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Port and Partner Priorities Moving Ahead at Legislature’s Halfway Point

February 11, 2022

At the halfway point of the short legislative session in Olympia, WA, the Port of Seattle and our partners have made critical progress in several key legislative areas. We continue to promote core Port priorities around transportation investment for trade competitiveness, environmental sustainability, maritime education and workforce development, and community partnerships. 

Transportation package

The big news of the last week was the final release of the proposed Transportation Revenue Package, a proposal to spend $16 billion over the next 16 years on a range of investments — from four new ferries to a new I-5 bridge across the Columbia River. Not only does this package include key investments in reducing emissions from the transportation sector, it also invests in freight routes that can address supply chain issues and help improve competitiveness for manufacturers and exporters. The Port has been a long-time supporter of the Puget Sound Gateway, a project to complete SR 509 in south King County and SR 167 in north Pierce County. This critical freight route will reduce congestion and emissions from truck traffic, and was first funded in the 2015 Connecting Washington package. It is now fully funded in this package, as is work on the I-405 and SR167 corridor, State Route 18 and the I-90 interchange, and the west end of SR 520.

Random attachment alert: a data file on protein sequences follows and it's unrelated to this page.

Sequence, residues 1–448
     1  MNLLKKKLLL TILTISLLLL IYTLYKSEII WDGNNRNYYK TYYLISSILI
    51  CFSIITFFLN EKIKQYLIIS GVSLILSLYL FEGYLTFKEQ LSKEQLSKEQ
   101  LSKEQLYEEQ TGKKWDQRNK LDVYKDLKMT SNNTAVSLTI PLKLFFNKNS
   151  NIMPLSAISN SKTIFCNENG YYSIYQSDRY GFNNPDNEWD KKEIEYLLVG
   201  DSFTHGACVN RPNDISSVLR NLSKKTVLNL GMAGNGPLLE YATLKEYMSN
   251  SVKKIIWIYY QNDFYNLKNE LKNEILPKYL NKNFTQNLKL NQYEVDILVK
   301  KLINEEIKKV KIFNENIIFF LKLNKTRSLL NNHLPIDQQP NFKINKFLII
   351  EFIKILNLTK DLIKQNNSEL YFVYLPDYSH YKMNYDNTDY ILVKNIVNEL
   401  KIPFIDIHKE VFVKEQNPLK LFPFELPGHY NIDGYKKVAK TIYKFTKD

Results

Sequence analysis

Observers including the Port were interested in how funding from last year’s Climate Commitment Act — which sets up a statewide cap and trade program — would be spent in this package. Major investments are made in multimodal programs like Safe Routes to School and the Complete Streets, accompanied by a historic $3 billion investment in transit which includes free transit fares for anyone under the age of 18. 

Finally, the package includes $450 million in alternative fuel and electrification projects. The Port is making significant investments in reducing our emissions across all operations, and this funding could be used to promote state investment in projects like shore power and clean trucking infrastructure.

The package has a long way to go to pass before March 10th, but the Port provided testimony in support of this greenest-ever transportation package, and will continue to advocate for it over the next month.

2:1 match

The Port has worked since 2020 on legislation that would reduce the required “local match” that non-profit applicants must provide to receive grants through the Port’s South King County Community Impact Fund. This year, HB 2052 unanimously passed the House Local Government Committee and looks likely to move forward to the House floor. Passage would enhance our ability to contract with service organizations, non-profits, and volunteers, on public and community improvement projects in neighborhoods near Seattle-Tacoma International Airport (SEA).

Shore power/Port infrastructure funding